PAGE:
AI technology has become increasingly sophisticated in recent years. So many products and services now rely on technology to provide automation and intelligence that it is irrevocably intertwined with our everyday world. Whether through devices we use to enable convenience at home or in the way products we use all the time are manufactured, its impact is everywhere, driving innovation in just about every aspect of our lives. But there are missing pieces to this puzzle that still cause frustration for end-users and present significant challenges for researchers trying to improve how AI technology performs.
Before his passing in 2018, Microsoft co-founder Paul Allen dedicated an admirable amount of time and resources to solving an essential challenge that seems to come up again and again: The fundamental lack of common sense in AI technologies. Mr. Allen, whose Allen Institute for Artificial Intelligence (AI2) launched Mosaic to continue addressing this problem, framed it like this:
“Early in AI research, there was a great deal of focus on common sense, but that work stalled. AI still lacks what most 10-year-olds possess: ordinary common sense. We want to jump start that research to achieve major breakthroughs in the field.”
Allen’s analogy highlights a big problem with the current state of deep learning technologies. As intelligent as our AI products often are, they still can’t answer extremely simple questions that we might ask a co-worker or our spouse. For example, “If I paint this wall red, will it still be red tomorrow?” To illustrate how far we have to go to solve this problem, Oren Etzioni, CEO of AI2 cites the example that “…when AlphaGo beat the number one Go player in the world in 2016, the program did not know that Go is a board game.” Until we solve for this, AI’s potential for success will be limited to narrow applications.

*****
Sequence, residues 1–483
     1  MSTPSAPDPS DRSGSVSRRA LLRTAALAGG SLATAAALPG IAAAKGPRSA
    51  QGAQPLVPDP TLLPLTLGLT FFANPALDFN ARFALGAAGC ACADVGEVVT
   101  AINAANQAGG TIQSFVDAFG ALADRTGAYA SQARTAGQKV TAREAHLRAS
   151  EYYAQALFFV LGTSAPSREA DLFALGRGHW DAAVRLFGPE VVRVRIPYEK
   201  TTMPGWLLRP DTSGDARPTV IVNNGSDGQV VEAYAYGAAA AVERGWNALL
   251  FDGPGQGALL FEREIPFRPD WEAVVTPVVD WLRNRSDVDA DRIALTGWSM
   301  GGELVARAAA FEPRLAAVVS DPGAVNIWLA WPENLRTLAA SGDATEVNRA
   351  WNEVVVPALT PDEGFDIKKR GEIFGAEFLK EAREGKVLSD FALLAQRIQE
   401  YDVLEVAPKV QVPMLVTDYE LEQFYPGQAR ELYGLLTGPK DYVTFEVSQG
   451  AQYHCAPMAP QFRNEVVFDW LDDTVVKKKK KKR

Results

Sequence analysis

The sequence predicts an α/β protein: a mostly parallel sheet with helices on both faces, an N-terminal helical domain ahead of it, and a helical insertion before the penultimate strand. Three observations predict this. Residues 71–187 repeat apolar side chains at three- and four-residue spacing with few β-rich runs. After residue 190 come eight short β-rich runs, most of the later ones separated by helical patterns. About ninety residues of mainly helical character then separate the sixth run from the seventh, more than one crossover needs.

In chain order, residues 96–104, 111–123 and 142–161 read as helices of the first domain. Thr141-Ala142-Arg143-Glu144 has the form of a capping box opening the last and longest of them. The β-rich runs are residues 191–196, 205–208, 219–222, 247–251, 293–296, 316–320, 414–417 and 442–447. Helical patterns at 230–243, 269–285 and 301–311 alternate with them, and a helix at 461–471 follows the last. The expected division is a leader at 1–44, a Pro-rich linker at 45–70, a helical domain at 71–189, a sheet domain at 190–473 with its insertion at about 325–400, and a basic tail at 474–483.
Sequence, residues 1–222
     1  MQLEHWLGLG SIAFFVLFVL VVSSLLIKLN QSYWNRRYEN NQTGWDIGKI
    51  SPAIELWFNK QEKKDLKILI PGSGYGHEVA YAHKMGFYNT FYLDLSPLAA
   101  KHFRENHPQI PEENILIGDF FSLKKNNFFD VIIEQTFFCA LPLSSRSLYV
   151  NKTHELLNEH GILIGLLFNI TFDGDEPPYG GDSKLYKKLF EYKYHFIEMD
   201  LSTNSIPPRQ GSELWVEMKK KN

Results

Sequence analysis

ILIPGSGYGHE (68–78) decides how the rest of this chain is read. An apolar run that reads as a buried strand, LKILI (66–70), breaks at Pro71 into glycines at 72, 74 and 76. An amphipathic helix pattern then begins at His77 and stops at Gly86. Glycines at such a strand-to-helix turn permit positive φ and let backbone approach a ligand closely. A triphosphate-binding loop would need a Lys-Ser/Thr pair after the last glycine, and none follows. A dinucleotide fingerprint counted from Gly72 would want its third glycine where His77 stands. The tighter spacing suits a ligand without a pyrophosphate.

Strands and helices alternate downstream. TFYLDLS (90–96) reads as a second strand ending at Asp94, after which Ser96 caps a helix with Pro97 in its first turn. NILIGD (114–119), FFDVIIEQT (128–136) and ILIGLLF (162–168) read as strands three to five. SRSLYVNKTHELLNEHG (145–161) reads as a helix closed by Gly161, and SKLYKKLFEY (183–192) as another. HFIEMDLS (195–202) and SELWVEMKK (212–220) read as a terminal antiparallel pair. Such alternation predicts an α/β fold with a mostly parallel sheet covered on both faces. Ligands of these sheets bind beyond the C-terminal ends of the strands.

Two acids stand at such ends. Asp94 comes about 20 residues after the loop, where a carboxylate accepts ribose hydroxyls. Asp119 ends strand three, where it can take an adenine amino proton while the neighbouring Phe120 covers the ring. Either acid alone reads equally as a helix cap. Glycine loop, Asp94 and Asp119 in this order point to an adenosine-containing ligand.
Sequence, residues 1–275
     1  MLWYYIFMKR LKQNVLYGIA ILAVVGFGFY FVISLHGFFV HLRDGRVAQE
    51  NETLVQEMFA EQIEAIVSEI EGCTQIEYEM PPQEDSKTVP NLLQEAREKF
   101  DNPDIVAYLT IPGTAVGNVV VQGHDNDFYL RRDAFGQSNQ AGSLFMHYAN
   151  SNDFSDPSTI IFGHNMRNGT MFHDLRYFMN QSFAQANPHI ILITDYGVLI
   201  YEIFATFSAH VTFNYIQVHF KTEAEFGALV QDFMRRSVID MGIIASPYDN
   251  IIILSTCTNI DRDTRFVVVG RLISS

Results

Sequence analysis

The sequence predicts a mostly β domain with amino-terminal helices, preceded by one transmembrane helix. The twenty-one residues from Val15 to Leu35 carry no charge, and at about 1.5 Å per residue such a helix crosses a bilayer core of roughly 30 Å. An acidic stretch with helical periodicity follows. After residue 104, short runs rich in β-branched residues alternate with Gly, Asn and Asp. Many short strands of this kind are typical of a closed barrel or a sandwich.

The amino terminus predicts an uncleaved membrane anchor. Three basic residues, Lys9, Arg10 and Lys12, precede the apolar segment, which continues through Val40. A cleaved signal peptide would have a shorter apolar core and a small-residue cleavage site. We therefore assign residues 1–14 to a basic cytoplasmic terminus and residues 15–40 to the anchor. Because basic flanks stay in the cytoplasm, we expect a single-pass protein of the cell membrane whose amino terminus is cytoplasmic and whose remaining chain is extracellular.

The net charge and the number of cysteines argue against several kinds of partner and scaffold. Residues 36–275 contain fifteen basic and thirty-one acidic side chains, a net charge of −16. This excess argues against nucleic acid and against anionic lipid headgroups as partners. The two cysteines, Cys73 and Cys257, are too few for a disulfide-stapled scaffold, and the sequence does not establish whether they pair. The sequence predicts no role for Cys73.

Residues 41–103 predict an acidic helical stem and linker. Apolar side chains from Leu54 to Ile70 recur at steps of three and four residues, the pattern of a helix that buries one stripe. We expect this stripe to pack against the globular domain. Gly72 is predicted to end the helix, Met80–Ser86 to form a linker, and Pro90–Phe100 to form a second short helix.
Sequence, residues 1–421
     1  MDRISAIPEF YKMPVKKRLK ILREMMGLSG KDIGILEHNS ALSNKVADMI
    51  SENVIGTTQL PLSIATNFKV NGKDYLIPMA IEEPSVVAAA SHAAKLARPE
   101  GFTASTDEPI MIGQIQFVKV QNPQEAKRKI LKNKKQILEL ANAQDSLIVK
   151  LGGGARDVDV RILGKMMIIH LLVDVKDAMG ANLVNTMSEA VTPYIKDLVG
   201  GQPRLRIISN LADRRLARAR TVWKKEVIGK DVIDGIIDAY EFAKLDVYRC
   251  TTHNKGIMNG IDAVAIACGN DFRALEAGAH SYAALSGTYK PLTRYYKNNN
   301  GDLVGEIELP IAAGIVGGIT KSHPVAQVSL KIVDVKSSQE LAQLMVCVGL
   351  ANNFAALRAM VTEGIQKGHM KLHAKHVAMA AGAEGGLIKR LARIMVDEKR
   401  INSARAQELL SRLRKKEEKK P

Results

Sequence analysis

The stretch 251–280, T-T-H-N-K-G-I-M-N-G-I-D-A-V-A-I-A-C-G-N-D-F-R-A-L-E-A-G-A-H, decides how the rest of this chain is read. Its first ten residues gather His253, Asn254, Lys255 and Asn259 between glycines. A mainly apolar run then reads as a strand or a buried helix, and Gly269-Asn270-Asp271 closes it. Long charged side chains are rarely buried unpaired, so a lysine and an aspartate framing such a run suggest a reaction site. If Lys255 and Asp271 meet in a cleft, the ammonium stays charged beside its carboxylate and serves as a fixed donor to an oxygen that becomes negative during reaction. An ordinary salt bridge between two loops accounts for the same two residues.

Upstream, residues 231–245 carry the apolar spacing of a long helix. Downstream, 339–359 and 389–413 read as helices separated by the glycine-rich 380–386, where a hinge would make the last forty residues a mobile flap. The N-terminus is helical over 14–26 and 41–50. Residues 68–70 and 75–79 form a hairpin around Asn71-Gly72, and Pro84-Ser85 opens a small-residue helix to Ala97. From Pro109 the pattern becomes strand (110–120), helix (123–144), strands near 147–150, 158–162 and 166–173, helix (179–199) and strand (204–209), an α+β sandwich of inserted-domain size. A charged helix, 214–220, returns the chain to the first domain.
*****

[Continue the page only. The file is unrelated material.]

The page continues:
Complex solutions to common sense problems
It’s become obvious that a multi-pronged strategy for Common Sense AI will be necessary to break the technology out of its limitations. To this end, Allen’s Mosaic project “integrates machine-reading and reasoning, natural language understanding, computer vision, and crowdsourcing techniques to create a new extensive, foundational common sense knowledge base for future AI systems to build upon.” What does this look like at the research level for an organization like AI2?
- Visual Common Sense Reasoning (VCR) is a new task and large-scale dataset for cognition-level visual understanding. The research is focused on creating higher-order cognition and commonsense reasoning for AI-based vision systems. VCR is an effort between researchers at the University of Washington and AI2. VCR used a group of crowd workers to annotate the data for this project.
- Commonsense Knowledge Graphs provide a semi-structured way of representing commonsense concepts. This structure gives a different viewpoint than other knowledge sources, however, what kinds of knowledge to represent and how best to incorporate them into modern neural networks remains an important question for research in this area. To tackle it, the team is currently building and releasing resources that explore different aspects of commonsense, such as information about social situations, mental states, and causal relationships.
- SWAG large-scale dataset for this task of grounded commonsense inference, unifying natural language inference, and physically grounded reasoning. The dataset consists of 113k multiple choice questions about grounded situations. Each question is a video caption from LSMDC or ActivityNet Captions, with four answer choices about what might happen next in the scene. The correct answer is the (real) video caption for the next event in the video; the three incorrect answers are adversarially generated and human-verified, so as to fool machines but not humans. The team’s goal is for SWAG to be a benchmark for evaluating grounded commonsense NLI and for learning representations.
How can Appen help you with your AI initiatives?
Like most machine learning projects, common sense AI often requires huge volumes of thoughtfully annotated training data. Appen’s global network of over 1 million skilled contractors operating in 130+ countries and 180+ languages and dialects means we can collect and label high volumes of image, text, speech, audio, and video data used to build and improve artificial intelligence systems.
Learn more about machine learning on Appen’s Machine Learning FAQ.